27 August 2010

Mississippi MultiCam Media Madness

The 2nd Brigade Combat Team (B.C.T.), 34th Infantry "Red Bull" Division has sure been in the news a lot recently--and all it took was a change of clothes.

The Iowa Army National Guard unit was the first-ever to receive the full-issue of MultiCam uniforms and equipment. Astute observers of the Afghan theater of operations will have already noted the camouflage pattern in limited use downrange. There were test fieldings and other experiments. During a special screening of "Restrepo" earlier this year, Red Bull soldiers noted that the 173rd Airborne BCT was sporting the mud-colors back in 2007.

The news was big enough to warrant a personal visit to Camp Shelby from Sgt. Major of the Army Kenneth Preston.

While the commercial/civilian market still calls the textile MultiCam, the Army is calling it the "Operation Enduring Freedom Camouflage Pattern" (O.C.P.) That's opposed to "Universal Camouflage Pattern" (U.C.P.), which apparently isn't as universal as first thought.

The uniform itself is called "Flame-Resistant Army Combat Pattern" (or "Frak-You"). No, I am not making this up.

The 7-color camouflage pattern tends to look like yellowish mud against the pine-green forests of Mississippi. (Parents of young children might be reminded of something else.) On the subdued "Red Bull" patch, the beloved bovine skull is now yellow-brown, rather than sage green. "How now, yellow-brown cow?"

The uniforms are flame-resistant and insect-repellant. Hook-and-loop fastener tape (aka "Velcro") has been replaced with old-school buttons. Collars and crotches have been reinforced. And the infrared tab has been hidden away in a better place.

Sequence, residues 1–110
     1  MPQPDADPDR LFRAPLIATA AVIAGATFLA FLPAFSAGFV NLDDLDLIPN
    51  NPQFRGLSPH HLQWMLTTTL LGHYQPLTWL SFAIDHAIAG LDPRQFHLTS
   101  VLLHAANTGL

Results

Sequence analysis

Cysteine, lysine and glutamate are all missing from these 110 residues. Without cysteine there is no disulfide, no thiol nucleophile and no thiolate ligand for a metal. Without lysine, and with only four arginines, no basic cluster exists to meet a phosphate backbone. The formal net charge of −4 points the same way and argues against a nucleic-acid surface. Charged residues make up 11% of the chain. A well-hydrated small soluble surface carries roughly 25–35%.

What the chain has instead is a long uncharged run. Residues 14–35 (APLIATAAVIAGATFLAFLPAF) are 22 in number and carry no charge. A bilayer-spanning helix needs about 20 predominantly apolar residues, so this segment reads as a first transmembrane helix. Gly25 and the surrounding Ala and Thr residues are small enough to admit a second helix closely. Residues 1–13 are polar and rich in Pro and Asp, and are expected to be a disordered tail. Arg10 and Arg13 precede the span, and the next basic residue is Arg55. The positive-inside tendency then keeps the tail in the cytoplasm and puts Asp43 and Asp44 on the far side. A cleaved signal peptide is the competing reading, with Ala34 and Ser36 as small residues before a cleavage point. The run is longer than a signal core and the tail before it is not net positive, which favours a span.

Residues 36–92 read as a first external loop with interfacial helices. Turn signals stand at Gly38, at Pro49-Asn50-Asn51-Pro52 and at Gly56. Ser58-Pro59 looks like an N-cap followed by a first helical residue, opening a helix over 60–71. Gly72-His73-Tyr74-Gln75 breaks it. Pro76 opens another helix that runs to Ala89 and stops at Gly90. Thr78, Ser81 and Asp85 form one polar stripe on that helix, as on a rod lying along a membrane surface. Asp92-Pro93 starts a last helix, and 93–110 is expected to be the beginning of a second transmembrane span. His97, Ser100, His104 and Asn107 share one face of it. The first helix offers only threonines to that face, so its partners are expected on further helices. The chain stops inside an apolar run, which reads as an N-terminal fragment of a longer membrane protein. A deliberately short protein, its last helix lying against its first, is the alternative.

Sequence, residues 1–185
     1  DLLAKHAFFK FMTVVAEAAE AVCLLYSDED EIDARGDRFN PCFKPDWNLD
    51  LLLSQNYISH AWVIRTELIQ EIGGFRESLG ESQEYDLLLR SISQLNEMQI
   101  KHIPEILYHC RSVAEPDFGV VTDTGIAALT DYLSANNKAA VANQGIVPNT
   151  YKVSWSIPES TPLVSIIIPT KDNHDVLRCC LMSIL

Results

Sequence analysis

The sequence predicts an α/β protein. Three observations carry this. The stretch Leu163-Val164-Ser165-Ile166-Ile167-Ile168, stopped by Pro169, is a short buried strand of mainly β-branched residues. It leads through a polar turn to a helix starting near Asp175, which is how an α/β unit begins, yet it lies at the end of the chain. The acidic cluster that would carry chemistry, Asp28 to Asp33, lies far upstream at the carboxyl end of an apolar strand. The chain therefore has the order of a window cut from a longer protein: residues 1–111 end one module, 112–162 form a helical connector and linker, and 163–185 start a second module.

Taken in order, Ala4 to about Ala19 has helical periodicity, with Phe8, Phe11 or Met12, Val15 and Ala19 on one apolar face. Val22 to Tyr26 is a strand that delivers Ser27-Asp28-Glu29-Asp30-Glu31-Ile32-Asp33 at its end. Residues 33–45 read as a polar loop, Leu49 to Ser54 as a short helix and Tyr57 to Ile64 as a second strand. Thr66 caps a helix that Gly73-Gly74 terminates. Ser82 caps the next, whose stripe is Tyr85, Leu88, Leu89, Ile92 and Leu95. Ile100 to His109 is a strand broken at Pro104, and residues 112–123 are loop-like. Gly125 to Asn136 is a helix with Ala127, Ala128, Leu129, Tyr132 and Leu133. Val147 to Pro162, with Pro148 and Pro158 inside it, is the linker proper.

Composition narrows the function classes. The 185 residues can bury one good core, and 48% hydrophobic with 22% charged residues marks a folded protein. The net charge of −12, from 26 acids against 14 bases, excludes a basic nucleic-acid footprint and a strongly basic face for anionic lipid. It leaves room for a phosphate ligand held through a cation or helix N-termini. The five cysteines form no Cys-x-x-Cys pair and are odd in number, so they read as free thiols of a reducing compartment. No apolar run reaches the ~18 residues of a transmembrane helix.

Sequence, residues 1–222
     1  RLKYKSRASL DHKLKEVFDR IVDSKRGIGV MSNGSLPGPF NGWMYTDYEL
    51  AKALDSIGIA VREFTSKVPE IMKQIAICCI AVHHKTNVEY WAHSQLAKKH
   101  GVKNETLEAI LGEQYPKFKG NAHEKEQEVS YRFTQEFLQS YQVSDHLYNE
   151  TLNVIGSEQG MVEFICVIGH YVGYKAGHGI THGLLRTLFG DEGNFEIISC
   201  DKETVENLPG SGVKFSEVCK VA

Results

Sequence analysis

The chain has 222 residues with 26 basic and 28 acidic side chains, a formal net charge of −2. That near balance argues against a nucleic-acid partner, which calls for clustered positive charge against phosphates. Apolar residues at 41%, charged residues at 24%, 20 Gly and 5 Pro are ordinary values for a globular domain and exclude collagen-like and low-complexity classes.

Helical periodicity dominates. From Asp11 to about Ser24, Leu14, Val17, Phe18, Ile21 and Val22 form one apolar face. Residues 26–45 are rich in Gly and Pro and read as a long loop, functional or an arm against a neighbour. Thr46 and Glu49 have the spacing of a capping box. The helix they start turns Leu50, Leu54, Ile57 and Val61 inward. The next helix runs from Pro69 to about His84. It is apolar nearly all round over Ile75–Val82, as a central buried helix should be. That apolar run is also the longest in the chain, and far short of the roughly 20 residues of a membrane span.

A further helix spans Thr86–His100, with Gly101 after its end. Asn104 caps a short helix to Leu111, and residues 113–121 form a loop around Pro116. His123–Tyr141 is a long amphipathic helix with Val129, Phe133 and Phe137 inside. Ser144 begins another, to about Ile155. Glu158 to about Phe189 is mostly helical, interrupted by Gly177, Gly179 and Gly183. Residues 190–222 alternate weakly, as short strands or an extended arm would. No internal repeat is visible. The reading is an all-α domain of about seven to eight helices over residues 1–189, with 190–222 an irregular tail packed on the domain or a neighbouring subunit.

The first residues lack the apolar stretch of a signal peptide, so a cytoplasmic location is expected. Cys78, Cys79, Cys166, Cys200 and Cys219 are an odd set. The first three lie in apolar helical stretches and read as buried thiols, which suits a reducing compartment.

Related equipment includes lower-rise mountain boots, and a "plate-carrier" harness that will allow soldiers to ditch some of their armor while still protecting vital organs from the big 7.62 mm bullets. That means that, as mission dictates, soldiers can drop 15 pounds of equipment weight. A "Tactical Assault Pack" ("TAP") distributes more magazines more evenly than the old gut-buster ammo pouches.

The new uniforms won't be worn until after the Red Bull rotate through a major training exercise in California later this year. Soldiers will be allowed to break in their new mountain boots, however.

The Army Combat Uniform (A.C.U.) isn't going anywhere. The Red Bull soldiers will return and exchange the OCP equipment for their standard sage-greens when they return from Afghanistan in 2011. The Army says it may continue evaluating camouflage patterns. Meanwhile, so that its personnel on the ground can continue to blend with their Army counterparts, the U.S. Air Force appears to be moving toward MultiCam in Afghanistan. It will be interesting to see what the "blue-suiters" deploying with the Red Bull end up being issued.

Here's a list of recent MultiCam Media Madness, featuring Red Bull soldiers:
Army News Service:"New uniform for OEF protects soldiers, hides them better"
Army Times:"Soldiers receive new MultiCam ACUs, gear"
Des Moines Register:"Iowa troops get new uniforms, but pack them away for now" (text; photo comparing OCP and UCP)

KCRG-TV9:"Iowa soldiers will be the first to wear new uniforms in Afghanistan" (text and video)
USA Today:"Military sees it's time for change in camouflage" (text, photo, infographic)

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